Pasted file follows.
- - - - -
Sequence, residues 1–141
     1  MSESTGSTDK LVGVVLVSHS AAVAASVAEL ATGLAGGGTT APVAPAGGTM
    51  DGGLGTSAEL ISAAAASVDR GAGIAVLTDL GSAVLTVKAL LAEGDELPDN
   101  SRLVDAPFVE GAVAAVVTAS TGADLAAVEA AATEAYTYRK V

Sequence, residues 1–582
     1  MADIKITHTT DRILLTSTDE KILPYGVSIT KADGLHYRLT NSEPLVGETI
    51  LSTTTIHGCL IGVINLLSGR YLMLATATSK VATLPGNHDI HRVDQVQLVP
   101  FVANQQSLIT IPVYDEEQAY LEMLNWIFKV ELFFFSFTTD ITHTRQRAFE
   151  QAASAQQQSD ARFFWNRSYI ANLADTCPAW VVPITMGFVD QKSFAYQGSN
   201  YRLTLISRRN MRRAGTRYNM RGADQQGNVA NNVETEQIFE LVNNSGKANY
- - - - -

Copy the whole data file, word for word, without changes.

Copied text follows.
Sequence, residues 1–141
     1  MSESTGSTDK LVGVVLVSHS AAVAASVAEL ATGLAGGGTT APVAPAGGTM
    51  DGGLGTSAEL ISAAAASVDR GAGIAVLTDL GSAVLTVKAL LAEGDELPDN
   101  SRLVDAPFVE GAVAAVVTAS TGADLAAVEA AATEAYTYRK V

Sequence, residues 1–582
     1  MADIKITHTT DRILLTSTDE KILPYGVSIT KADGLHYRLT NSEPLVGETI
    51  LSTTTIHGCL IGVINLLSGR YLMLATATSK VATLPGNHDI HRVDQVQLVP
   101  FVANQQSLIT IPVYDEEQAY LEMLNWIFKV ELFFFSFTTD ITHTRQRAFE
   151  QAASAQQQSD ARFFWNRSYI ANLADTCPAW VVPITMGFVD QKSFAYQGSN
   201  YRLTLISRRN MRRAGTRYNM RGADQQGNVA NNVETEQIFE LVNNSGKANY